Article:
When people see these interpretations at these tourist sites, they just accept the story. They do not realise it is just personal beliefs. It does not register that those who invented the story were not present at the time they are talking about and did not see the events happen. Even more significantly, people do not realise they are looking at powerful evidence for the reality of Noah’s Flood and the reliability of the Bible. Hopefully I can post more on this later.

So, when we frame the evidence within a biblical narrative, we develop a different story. The Devonian limestone would not represent a barrier reef that grew in place. Here is the reasoning.

In biblical history there are three times when such a reef could have formed: 1. during the creation Week, 2. in the 1,700 years between creation and the Flood, and 3. in the 4,500-year post-Flood era. However, any reef that formed before the Flood would have been destroyed by the Flood, so the first two options do not work. Further, the limestone is too deep in the geological record to have formed post-Flood. (See figure in Relationship between standard geology and flood geology.) So, the limestone deposit could only have formed during the Flood, which only lasted one year. This means that the limestone is not a reef that grew in place because there was not enough time. We conclude therefore that the limestone deposit must have been washed into place.

Geologists have a term for this, allochthonous, which means the material (fossils, corals, shells, etc.) was transported and is found in a place remote from where it formed. The opposite is autochthonous which means that the material is preserved in its life position without disturbance. From a biblical perspective this reef must be allochthonous, not autochthonous.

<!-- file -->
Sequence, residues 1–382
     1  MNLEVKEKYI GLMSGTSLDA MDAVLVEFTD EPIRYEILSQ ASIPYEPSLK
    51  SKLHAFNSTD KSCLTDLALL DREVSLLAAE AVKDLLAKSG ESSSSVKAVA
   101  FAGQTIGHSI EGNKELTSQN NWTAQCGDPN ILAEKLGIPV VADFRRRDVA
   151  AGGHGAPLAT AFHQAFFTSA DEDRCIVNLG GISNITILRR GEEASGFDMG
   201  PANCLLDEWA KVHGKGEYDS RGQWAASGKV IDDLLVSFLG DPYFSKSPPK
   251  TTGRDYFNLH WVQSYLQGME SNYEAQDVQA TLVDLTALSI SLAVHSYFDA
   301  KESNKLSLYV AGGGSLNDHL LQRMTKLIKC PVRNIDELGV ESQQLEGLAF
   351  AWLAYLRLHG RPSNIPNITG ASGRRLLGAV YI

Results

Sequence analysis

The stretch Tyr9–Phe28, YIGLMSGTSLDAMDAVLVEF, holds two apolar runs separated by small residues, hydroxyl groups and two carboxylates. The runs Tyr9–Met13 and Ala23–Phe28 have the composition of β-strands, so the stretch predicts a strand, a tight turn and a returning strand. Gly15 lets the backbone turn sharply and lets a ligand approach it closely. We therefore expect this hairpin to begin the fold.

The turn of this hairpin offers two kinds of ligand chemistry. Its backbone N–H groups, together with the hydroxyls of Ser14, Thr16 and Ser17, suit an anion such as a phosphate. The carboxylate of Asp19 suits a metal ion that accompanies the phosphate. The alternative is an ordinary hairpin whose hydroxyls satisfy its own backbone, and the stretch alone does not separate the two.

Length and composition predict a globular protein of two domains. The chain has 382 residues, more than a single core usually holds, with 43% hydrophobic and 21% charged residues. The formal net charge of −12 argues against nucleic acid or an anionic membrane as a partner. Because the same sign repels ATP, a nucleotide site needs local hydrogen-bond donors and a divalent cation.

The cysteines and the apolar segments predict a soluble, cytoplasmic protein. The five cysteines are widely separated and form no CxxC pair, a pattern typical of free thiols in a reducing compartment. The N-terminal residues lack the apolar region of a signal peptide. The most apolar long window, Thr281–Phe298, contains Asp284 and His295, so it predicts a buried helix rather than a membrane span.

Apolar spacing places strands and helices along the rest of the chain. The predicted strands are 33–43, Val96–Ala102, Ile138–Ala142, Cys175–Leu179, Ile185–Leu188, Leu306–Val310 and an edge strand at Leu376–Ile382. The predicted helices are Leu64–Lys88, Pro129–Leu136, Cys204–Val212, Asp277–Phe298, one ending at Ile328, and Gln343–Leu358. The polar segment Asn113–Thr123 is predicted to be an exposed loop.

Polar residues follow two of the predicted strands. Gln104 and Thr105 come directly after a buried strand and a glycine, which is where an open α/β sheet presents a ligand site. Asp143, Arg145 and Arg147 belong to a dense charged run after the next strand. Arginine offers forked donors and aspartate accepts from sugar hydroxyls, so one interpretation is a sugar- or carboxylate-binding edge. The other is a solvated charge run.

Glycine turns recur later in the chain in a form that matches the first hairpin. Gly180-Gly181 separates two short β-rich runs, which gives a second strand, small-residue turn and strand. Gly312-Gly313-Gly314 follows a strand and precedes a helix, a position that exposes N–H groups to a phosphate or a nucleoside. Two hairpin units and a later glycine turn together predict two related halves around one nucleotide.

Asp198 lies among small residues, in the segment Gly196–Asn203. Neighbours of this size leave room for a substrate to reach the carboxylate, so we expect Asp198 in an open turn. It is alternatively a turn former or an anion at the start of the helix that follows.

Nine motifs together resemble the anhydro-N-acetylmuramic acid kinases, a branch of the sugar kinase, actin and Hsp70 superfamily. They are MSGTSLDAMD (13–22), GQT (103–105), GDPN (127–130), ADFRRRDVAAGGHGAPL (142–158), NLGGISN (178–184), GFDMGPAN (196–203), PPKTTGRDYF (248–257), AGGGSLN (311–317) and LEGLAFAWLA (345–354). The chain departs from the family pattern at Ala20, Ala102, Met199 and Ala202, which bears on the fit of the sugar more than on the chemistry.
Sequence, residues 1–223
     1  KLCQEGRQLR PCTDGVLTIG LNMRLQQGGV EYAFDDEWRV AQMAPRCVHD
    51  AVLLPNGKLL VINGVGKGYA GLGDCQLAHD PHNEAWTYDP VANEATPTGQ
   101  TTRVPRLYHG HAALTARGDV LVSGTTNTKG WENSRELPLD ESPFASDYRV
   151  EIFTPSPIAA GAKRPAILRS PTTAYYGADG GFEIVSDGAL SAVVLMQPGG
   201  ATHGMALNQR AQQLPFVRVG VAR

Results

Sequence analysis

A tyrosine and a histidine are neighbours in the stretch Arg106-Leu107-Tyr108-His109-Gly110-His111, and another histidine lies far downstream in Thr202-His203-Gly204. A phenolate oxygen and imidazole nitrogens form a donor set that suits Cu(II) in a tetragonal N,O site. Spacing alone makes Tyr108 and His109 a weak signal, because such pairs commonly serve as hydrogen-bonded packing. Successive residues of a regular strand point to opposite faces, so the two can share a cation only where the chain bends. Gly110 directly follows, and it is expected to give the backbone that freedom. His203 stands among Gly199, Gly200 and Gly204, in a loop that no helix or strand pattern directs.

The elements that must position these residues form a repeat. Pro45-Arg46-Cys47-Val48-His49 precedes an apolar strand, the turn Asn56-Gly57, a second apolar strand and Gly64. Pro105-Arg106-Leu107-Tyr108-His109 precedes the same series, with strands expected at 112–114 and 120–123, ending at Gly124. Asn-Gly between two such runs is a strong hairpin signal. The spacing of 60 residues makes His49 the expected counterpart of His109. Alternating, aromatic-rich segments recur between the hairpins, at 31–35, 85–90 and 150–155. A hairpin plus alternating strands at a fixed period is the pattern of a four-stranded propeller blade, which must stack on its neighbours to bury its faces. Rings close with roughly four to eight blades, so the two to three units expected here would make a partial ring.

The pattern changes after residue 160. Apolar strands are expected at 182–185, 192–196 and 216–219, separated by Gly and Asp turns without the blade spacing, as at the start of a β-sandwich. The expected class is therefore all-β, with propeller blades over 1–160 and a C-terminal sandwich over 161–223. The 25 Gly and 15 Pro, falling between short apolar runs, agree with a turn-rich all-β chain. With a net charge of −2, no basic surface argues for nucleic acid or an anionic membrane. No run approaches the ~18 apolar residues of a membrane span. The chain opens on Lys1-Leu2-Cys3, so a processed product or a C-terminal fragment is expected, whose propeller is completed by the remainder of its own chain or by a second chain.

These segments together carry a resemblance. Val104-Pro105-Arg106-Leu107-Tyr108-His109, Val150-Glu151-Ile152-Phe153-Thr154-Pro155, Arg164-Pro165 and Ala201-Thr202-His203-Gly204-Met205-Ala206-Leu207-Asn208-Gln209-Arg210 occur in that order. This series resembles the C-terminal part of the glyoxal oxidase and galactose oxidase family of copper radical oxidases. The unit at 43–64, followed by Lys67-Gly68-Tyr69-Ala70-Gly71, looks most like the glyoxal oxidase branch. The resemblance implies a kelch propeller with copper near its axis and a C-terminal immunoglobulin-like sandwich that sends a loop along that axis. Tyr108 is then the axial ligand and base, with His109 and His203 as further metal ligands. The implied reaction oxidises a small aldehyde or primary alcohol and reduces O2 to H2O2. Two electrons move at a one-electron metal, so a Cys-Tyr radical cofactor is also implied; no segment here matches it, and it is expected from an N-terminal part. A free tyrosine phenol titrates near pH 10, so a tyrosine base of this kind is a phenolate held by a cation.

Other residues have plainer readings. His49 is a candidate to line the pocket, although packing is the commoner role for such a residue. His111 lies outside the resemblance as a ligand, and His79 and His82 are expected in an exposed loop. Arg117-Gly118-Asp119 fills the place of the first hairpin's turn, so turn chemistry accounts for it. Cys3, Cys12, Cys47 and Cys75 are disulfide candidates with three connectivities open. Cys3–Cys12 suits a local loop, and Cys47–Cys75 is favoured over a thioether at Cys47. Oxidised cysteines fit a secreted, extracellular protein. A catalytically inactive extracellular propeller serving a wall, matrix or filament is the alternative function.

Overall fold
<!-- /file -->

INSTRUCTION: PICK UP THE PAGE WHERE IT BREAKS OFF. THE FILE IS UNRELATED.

Geologists with a long-age belief system would not even contemplate that such a large deposit was washed into place because it would require water flows of biblical proportions. No matter the evidence, they would be looking to explain it as growing in place. The term “barrier reef” in the tourist information is a small term that has huge implications. It means the difference between seeing the reality of the biblical Flood and missing it.

In summary, we would say the limestone cliffs in Windjana Gorge were not a barrier reef, but a deposit washed into place mid-way through Noah’s Flood as the waters were rising before they reached their peak. The shells, corals, and other fossils would have been washed into the area by the floodwaters flowing across the earth. Also, much limestone would have been chemically precipitated in the deposit at this time. This interpretation provides a framework for research, in that we would be looking to document evidence for ‘washed into place” processes.

Further, much more sediment would have been deposited on top of this as the Flood proceeded. However, this would have been eroded off when the waters peaked and covered the whole area, and as they receded from the continent. It would have been during the last part of this Recessive stage that the gorge was cut through the Napier Range. The gorge is a water gap, which is a tell-tale signature of Noah’s Flood (for examples see tag water gaps). In other words, the Lennard River did not carve the gorge but it uses the gorge that was carved by the receding waters of Noah’s Flood.